This is an interesting story.
Read more ›
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Format: DVD
My, but those filmmakers love their ‘night train’ movies! Anyhow NTTP is a bumpy concoction of neo-Hitchcock mixed with the Old School Greene/Le Carré spy story, filtered through the prism of the Swinging Sixties. Befitting the film's eminently B movie pedigree, sometimes the brew works, and sometimes it does not. In many ways NTTP has the retro look and feel of a Fifties film, right down to the smoky, frenetic, jazzy score. Leslie Nielsen’s star power pretty much carries the film but it’s all fairly skillfully done, especially the direction and b&w photography.
There’s an especially creepy scene early on in an enclosed back alley where a thuggish bad guy closes in on a hapless informer. A major misfire is the raucous New Year’s Eve party on-board the train, which among other things goes on far too long. My experience has been that train movies are most effective when done low-keyed, the more so the better.
Along the way a bevy of Sixties-style beauties alternatingly tempt, annoy and betray Nielsen, but nominal femme fatale Aliza Gur is perilously close to being upstaged by the fetching Dorinda Stevens, who enters the film about half way through. NNTP has a short run time (65 min.) and suffers from what seems a hasty, truncated denouement. This one may not be a masterpiece, far from it. But with all its imperfections it’s still very easy to watch. Three stars.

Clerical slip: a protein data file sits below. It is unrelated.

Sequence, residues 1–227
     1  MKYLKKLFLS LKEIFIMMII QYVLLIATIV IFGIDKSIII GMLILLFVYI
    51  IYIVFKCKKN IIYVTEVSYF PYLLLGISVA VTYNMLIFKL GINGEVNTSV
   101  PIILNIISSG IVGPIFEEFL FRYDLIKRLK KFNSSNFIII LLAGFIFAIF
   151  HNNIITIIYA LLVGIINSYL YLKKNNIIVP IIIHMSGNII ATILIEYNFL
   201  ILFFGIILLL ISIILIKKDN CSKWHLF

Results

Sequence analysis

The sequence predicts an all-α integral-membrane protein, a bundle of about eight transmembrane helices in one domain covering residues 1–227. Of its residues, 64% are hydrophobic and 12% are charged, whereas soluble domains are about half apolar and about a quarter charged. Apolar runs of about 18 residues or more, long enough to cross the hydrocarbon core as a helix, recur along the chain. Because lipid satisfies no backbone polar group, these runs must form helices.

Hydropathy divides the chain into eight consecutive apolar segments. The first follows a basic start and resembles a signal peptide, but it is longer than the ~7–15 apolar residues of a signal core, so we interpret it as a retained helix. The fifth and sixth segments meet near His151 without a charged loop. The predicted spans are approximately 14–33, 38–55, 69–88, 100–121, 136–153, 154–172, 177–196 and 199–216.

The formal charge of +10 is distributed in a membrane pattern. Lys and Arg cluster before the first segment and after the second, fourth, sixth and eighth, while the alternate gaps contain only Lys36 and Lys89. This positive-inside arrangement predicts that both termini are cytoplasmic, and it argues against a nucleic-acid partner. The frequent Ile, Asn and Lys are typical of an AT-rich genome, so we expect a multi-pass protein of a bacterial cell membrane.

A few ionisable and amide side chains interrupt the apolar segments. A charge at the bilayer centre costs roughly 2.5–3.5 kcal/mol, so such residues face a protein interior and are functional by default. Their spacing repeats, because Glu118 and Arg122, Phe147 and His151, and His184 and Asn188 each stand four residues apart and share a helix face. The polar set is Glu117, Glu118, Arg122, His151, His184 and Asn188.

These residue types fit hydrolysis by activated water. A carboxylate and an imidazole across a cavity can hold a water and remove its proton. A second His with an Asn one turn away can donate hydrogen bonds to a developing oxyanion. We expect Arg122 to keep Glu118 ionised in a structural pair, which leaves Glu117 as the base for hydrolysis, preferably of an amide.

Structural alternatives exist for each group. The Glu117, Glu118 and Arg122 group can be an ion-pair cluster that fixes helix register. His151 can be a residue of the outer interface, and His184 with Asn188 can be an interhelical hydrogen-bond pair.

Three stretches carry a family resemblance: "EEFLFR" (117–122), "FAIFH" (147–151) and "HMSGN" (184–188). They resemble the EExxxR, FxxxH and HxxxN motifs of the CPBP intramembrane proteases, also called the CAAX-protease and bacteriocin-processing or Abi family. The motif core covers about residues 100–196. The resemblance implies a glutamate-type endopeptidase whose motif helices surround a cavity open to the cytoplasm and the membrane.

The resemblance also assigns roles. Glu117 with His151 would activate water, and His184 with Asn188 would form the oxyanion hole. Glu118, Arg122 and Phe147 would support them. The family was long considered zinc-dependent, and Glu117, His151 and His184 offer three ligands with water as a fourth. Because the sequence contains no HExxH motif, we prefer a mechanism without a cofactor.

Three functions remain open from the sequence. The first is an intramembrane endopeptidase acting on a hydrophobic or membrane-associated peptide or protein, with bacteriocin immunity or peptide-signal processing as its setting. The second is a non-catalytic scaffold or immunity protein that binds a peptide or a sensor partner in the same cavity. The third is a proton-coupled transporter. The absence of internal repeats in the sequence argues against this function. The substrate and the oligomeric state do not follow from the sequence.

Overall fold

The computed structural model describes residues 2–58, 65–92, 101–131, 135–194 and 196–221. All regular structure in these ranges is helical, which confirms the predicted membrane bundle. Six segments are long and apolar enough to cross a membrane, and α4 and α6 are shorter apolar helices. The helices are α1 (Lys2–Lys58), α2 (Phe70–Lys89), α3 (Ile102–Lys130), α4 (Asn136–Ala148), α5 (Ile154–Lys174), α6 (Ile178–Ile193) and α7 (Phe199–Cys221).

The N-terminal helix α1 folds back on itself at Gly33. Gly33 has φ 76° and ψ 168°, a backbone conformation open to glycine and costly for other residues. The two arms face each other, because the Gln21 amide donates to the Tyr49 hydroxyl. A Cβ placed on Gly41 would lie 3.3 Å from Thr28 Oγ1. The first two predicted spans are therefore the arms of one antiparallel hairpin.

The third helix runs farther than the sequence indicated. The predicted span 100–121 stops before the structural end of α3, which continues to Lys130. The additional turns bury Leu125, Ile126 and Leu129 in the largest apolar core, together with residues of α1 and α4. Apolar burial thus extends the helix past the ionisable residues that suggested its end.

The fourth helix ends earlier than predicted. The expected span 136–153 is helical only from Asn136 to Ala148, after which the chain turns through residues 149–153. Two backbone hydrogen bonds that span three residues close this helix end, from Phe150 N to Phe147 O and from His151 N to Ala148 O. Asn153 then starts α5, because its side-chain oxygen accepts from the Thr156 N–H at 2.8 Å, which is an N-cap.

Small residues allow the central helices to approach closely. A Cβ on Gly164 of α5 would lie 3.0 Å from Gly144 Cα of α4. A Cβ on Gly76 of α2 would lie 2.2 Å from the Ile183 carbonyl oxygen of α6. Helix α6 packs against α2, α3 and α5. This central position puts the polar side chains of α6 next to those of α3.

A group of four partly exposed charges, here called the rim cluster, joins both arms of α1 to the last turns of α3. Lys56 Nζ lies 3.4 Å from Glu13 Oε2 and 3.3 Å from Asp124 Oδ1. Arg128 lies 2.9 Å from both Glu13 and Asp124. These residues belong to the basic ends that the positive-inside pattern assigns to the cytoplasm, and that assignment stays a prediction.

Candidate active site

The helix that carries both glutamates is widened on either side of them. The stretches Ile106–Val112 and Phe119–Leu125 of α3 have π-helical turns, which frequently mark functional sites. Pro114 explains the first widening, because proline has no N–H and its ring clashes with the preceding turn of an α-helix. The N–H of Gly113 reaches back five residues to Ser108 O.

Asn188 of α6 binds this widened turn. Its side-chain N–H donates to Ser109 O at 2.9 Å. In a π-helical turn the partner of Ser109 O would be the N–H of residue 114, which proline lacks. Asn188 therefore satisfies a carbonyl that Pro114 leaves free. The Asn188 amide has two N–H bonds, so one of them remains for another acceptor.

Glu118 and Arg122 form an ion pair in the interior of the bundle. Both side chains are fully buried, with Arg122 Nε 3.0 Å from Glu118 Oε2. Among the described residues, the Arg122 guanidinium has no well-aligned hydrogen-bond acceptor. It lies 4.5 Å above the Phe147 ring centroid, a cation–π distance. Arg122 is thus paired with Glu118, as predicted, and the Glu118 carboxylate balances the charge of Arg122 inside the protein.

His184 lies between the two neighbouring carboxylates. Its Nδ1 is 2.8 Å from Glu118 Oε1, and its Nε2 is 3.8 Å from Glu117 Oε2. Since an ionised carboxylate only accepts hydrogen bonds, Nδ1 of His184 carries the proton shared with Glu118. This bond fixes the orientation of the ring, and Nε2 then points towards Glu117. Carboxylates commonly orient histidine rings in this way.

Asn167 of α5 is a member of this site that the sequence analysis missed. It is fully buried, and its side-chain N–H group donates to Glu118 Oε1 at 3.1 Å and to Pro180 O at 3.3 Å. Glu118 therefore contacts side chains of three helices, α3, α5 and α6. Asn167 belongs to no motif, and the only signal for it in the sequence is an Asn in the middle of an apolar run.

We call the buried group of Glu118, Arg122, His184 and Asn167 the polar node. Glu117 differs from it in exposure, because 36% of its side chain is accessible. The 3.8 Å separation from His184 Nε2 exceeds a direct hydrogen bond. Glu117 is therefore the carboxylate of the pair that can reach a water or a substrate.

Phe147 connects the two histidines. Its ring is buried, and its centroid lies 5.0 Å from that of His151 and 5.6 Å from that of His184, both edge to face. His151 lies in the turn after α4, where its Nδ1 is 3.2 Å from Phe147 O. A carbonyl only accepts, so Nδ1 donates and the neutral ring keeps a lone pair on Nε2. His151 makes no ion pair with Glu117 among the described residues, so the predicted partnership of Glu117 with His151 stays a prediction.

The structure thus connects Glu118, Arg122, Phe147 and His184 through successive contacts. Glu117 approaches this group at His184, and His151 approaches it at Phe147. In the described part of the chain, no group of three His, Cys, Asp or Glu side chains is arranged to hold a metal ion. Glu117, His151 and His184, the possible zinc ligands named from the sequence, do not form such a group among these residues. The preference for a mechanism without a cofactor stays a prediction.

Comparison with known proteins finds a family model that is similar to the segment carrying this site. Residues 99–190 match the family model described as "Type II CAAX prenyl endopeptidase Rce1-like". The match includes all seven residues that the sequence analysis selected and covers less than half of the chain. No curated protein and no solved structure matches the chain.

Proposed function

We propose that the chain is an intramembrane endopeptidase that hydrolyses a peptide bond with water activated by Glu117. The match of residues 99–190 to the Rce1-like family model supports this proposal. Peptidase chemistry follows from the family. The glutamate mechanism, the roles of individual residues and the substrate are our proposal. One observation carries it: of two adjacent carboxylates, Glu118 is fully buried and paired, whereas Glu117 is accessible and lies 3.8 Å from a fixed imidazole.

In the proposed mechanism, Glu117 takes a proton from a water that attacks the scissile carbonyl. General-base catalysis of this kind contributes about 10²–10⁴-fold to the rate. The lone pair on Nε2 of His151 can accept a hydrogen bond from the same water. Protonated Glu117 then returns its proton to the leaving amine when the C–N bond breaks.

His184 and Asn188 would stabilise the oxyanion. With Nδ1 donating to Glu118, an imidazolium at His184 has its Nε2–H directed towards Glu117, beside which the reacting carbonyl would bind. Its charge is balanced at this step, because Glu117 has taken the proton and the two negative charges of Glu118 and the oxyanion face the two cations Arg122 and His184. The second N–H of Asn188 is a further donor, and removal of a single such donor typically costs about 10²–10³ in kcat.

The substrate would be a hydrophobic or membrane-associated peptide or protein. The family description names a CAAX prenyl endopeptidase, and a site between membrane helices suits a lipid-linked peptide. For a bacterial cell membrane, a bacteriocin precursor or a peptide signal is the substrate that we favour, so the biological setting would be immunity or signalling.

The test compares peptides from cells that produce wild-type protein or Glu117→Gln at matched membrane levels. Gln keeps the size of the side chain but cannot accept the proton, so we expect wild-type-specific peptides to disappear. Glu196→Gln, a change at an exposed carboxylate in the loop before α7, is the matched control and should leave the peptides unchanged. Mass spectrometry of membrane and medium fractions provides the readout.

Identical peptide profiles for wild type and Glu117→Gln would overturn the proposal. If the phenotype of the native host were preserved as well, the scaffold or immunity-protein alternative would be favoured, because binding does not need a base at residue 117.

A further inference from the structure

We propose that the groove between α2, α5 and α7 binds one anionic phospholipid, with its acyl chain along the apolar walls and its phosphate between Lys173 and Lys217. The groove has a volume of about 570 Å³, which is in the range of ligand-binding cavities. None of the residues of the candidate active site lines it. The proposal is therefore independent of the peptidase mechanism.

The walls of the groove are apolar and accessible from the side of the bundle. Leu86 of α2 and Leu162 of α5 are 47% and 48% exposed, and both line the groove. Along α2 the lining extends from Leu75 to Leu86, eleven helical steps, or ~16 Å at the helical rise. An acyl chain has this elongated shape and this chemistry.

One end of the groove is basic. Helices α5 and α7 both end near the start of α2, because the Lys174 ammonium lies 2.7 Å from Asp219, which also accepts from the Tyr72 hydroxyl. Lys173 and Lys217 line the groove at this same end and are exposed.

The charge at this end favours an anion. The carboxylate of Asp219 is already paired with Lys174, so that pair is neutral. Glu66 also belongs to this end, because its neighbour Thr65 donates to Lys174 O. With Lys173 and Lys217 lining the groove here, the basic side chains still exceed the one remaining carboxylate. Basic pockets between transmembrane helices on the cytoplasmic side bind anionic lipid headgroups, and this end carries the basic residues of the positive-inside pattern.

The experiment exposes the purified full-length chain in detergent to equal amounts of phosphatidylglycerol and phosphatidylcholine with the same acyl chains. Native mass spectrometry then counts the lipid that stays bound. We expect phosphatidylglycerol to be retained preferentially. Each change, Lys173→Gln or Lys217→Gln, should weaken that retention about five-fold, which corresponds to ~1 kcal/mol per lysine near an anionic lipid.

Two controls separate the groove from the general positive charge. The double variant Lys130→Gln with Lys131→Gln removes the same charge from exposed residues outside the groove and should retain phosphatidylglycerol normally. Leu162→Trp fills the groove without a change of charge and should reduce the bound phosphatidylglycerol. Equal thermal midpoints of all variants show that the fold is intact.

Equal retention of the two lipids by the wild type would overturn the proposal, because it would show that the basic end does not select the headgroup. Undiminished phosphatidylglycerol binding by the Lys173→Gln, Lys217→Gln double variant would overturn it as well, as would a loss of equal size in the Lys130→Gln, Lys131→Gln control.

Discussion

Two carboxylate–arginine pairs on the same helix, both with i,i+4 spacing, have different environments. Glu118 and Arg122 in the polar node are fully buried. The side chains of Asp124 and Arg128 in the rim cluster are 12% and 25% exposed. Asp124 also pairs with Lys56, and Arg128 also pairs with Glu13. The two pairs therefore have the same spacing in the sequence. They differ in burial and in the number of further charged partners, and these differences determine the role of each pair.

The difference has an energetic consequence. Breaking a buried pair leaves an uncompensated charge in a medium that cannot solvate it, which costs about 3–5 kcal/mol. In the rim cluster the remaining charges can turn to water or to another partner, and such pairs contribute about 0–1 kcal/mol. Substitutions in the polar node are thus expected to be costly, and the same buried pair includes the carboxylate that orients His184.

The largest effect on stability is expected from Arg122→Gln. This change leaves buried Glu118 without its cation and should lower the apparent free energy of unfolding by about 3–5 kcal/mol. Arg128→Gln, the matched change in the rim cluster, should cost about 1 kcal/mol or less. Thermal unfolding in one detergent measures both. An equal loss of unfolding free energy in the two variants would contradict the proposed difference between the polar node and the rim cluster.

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Format: DVD
Amazon's product specs incorrectly suggest this Fox release of 'Night Train to Paris' (U.K., 1964) is offered only in fullscreen format, while in actuality the disc is a flipper containing both a 1.33:1 and 1.66:1 aspect-ratio option. Low-budget locomotive intrigue is played with a palatable mix of camp and seriousness (who better than Leslie Nielsen to serve as figurative conductor?), making NTTP an entertaining, albeit superficial, mystery/thriller. A jazzy '60s score (with pop soundtrack to match), fine supporting cast of period familiars, and a trio of Europe's most fetching B-list sexpots add to the time-capsule factor. DVD features a crisp b&w print, clear sound and theatrical trailer. 2 1/2 stars for the film; 3 1/2 for presentation.
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Format: DVD
Night Train to Paris (1964) is a bit short on the thrills or intrigue, in fact, it really has neither. The director was more interested in filling up the time with useless 60's music and boring drunks. Aliza Gur is dull as an actress. Leslie Nielsen exhibits no tough rawness as he does in television as in Alfred Hitchcock Presents (1958–1961), Thriller (1960) or Kraft Suspense Theatre (1963-1965).

He wears plastic black horn-rimmed glasses with attached eyebrows, large plastic nose, bushy moustache as a disguise. Yeah, stupid.

For train buffs, it has a train ferry (a ship or ferry designed to carry railway vehicles). It was probably the Dover to Dunkirk line, from Britain. (It stopped in 1992 due to the opening of the Channel Tunnel).

There's some cool jazz music and the intro is a nice assemblage, but that's it.

Also recommended:

Night Train to Munich (1940)

Night Train (1959)

Night Train to Lisbon (2013)

Night Train to Terror (1985)

Terror Train (1980)